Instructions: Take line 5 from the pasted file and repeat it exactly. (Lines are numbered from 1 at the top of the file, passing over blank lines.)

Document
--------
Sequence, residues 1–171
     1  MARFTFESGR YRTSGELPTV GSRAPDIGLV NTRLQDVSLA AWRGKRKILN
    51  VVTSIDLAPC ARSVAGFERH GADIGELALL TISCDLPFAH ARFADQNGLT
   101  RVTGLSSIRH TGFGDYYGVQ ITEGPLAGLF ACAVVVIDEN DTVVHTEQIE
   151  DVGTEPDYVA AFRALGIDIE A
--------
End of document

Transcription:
   151  DVGTEPDYVA AFRALGIDIE A